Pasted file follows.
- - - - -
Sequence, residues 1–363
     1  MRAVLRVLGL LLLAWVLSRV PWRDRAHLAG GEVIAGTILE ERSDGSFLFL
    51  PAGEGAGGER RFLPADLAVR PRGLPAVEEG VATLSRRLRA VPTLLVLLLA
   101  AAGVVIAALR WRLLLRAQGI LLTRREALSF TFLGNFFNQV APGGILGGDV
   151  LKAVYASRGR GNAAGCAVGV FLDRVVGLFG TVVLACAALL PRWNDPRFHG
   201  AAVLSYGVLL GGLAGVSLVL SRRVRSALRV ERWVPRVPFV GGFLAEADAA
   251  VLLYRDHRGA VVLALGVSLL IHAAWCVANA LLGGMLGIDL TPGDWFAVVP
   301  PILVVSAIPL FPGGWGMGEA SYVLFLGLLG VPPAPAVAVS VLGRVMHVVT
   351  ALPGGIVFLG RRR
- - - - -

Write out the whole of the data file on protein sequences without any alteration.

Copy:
Sequence, residues 1–363
     1  MRAVLRVLGL LLLAWVLSRV PWRDRAHLAG GEVIAGTILE ERSDGSFLFL
    51  PAGEGAGGER RFLPADLAVR PRGLPAVEEG VATLSRRLRA VPTLLVLLLA
   101  AAGVVIAALR WRLLLRAQGI LLTRREALSF TFLGNFFNQV APGGILGGDV
   151  LKAVYASRGR GNAAGCAVGV FLDRVVGLFG TVVLACAALL PRWNDPRFHG
   201  AAVLSYGVLL GGLAGVSLVL SRRVRSALRV ERWVPRVPFV GGFLAEADAA
   251  VLLYRDHRGA VVLALGVSLL IHAAWCVANA LLGGMLGIDL TPGDWFAVVP
   301  PILVVSAIPL FPGGWGMGEA SYVLFLGLLG VPPAPAVAVS VLGRVMHVVT
   351  ALPGGIVFLG RRR